Lab Technicians

Megan Hintz

B.S. in Environmental Science from UW Tacoma, 2013; M.S. in Aquatic and Fishery Sciences from UW, 2018
General Becker Lab and Olympia Oyster Connectivity Project

I’m currently working towards my Masters of Science at the UW School of Aquatic and Fishery Sciences co-advised by Dr. Bonnie Becker and Dr. Steven Roberts. I started in the Becker Lab at UW Tacoma as an undergraduate researcher on two projects: determining the ability of mussels to remove nutrients from the Thea Foss Waterway and measuring the distribution of Olympia oyster larvae in Fidalgo Bay. Following graduation with my Bachelors of Science in Environmental Science (UWT 2013), I completed an eight-month internship at the Center for Urban Waters, where I investigated different methods to remove phosphorus from stormwater. Currently, my thesis research focuses on studying the movements of larval oysters to enhance restoration efforts. I grew up exploring and enjoying the unique marine environment of Puget Sound and I love working towards conserving and protecting this precious ecosystem so many people and organisms depend on.  I’m driven to balance the needs of our community with the protection of marine ecosystems, with a particular passion for intertidal communities and shellfish.

Follow Megan on Twitter (@BivalveFanatic). To contact through email, use form below.

 

Michelle McCartha

B.S. in Environmental Science from UW Tacoma, 2014
General Becker Lab and Ocean Acidification Project

The ocean has always been place of respite for me and my family. We have had a variety of marine adventures, from fishing at the docks in Port Orchard, WA to riding the waves in Virginia Beach, VA. It’s no coincidence that when I was an undergraduate at UW Tacoma, I chose to involve myself in various research projects that were marine-based. My introduction to marine research was through working with Professors Bonnie Becker and Jim Gawel on my UWT capstone that involved examining the usefulness of a metal response protein as a potential bioindicator of metal stress in bottom dwelling communities. This capstone was extended to a multiple quarter undergraduate research project when I was awarded both the IAS Undergraduate Research Scholarship and the Mary Cline Undergraduate Research Award. After this experience, I continued to participate in a variety of undergraduate research projects, including the investigation of stable isotopes in the marine environment while interning at the NOAA Pacific Marine Mammal Laboratory, participating in a funded Summer Undergraduate Research Fellowship at Scripps Institution of Oceanography, and conducting research on mussel bioenergetics as it pertains to byssal thread production at Friday Harbor Labs with funding from the Mary Gates Endowment Scholarship. Having participated in these projects and presented my work at multiple conferences both locally and nationally (and being awarded honorable mention for best undergraduate poster at the 2014 Salish Sea Ecosystem Conference) has affirmed my interest in becoming a research scientist. Knowing that I can be a part of the solution to environmental concerns and that there is no end to the questions we can ask about nature is both intellectually challenging and motivating to me to pursue my research goals.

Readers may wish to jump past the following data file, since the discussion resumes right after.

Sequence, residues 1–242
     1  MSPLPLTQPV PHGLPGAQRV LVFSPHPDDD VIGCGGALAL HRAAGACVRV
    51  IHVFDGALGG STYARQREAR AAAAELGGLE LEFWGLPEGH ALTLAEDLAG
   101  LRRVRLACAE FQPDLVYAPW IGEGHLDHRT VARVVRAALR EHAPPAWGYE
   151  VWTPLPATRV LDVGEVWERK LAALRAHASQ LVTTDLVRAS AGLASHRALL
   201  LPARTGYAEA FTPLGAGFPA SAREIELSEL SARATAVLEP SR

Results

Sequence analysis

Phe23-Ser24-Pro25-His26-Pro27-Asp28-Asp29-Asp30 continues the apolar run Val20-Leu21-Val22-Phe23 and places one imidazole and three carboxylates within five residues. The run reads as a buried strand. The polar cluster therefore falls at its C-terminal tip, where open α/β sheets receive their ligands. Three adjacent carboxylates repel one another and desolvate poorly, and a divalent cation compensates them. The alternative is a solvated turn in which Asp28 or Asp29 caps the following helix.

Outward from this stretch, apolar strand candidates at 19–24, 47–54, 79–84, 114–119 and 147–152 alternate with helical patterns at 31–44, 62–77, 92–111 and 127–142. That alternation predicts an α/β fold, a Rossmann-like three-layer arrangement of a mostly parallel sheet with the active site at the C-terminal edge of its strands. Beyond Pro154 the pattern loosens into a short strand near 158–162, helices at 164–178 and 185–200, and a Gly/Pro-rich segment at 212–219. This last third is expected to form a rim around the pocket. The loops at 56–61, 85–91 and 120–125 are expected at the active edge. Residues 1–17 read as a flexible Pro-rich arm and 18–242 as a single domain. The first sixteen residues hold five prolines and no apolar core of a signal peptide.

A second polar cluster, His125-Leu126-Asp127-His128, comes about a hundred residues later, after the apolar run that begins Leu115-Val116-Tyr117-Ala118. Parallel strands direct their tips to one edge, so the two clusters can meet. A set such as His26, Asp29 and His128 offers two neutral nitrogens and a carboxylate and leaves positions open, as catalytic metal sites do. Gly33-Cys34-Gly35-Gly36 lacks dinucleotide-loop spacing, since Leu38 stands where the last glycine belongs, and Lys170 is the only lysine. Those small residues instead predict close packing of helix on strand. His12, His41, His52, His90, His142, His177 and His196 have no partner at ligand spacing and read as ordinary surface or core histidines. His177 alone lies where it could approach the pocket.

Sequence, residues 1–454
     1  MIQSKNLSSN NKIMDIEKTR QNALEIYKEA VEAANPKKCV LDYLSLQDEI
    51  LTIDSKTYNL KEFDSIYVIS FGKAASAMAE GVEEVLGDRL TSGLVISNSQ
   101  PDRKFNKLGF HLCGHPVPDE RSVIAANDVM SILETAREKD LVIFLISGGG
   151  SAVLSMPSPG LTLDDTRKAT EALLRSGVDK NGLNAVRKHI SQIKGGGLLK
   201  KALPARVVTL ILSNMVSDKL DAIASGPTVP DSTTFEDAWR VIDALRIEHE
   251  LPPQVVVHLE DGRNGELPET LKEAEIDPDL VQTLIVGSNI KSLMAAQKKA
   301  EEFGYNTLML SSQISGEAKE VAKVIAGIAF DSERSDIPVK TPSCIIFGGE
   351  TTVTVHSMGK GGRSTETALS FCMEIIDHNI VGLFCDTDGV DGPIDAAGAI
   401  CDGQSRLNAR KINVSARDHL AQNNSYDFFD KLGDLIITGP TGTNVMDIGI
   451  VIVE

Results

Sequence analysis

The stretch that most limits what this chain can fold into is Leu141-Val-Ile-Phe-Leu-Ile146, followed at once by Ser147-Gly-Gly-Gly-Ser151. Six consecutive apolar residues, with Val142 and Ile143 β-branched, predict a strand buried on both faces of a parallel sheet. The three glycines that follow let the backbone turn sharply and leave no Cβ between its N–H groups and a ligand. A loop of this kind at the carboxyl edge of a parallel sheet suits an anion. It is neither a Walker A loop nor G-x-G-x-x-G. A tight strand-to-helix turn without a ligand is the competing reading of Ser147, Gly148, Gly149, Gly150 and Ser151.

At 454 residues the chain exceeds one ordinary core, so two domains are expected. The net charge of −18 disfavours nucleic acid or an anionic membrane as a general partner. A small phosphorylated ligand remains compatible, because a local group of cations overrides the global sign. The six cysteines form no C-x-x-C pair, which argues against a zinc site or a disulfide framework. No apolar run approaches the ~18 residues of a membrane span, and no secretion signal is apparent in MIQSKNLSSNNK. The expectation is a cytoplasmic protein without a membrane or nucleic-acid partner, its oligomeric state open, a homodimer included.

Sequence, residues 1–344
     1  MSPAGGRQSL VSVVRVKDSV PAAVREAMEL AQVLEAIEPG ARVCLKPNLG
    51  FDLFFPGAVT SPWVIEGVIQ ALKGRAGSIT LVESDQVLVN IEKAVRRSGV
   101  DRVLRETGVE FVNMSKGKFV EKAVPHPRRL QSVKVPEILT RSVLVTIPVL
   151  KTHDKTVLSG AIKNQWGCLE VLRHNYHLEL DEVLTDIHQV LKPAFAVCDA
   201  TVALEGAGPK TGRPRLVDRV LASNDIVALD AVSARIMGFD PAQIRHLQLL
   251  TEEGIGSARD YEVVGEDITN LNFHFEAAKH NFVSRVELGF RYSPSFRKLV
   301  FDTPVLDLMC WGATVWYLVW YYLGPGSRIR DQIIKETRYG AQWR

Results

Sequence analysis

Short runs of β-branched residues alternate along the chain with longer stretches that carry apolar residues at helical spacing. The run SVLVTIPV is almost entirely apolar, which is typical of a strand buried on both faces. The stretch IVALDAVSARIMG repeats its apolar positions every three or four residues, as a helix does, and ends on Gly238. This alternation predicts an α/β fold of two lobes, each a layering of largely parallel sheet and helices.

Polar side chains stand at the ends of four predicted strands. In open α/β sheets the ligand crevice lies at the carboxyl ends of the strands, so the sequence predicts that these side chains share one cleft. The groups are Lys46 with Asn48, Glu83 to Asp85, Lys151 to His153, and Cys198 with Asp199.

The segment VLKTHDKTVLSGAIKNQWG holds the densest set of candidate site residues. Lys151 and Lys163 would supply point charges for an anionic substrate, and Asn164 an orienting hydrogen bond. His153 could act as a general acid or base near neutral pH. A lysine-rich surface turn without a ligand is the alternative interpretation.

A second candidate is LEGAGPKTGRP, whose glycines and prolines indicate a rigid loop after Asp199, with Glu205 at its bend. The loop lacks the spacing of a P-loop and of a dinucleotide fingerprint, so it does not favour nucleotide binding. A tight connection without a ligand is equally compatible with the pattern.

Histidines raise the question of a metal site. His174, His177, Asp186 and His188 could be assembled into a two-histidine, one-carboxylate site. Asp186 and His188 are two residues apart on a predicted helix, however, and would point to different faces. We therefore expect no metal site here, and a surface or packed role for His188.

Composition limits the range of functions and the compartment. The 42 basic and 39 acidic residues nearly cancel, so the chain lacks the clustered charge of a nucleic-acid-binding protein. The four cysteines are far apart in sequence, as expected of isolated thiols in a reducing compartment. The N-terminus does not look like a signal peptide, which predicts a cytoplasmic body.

Follow Michelle on Twitter (@Geoduck_Pac). To contact through email, use form below.

 

Hozoji Matheson-Margullis

BioDiver with Puyallup Tribe Shellfish Department

I have just begun my journey into the academic side of my love for the Puget Sound. I have worked the last 8 years as a diver with the Puyallup Tribe Shellfish Department. My love for the dark life below began as a geoduck harvester on a boat called the Nishga Gang. It evolved from there and led me to working with the biology department at the tribe counting geoducks instead of killing them. My goal is to gain the knowledge and experience required to eventually work more thoroughly with the tribe in protecting and rehabilitating our precious resource.

Read more about Hozoji in an article by Motherboard, The Geoduck Diver. To contact through email, use form below.

 

Undergraduate Researchers

Stevie CollinsStevie Collins

B.A. in Environmental Studies, Minor in Sustainability from UW Tacoma, expected 2018

I am currently a senior wrapping up my final year here at UW Tacoma. Since I began my college journey my love for the environment has grown immensely. I am particularly interested in ways to conserve ecological systems and how to lessen my own footprint on the world. I enjoy spreading environmentally friendly tips and hope to spread the message of sustainability worldwide. Currently, I also volunteer at JBLM in Lakewood working on restoration ecology around the base. I joined the Becker lab to widen my skill set in the scientific lab setting and to gain knowledge of local shellfish. Upon graduation, I am completing a 5-month internship at Disney World, then taking my knowledge across seas to volunteer with Peace Corps.

Suji Kim

B.S in Environmental Studies from UW Tacoma, expected 2018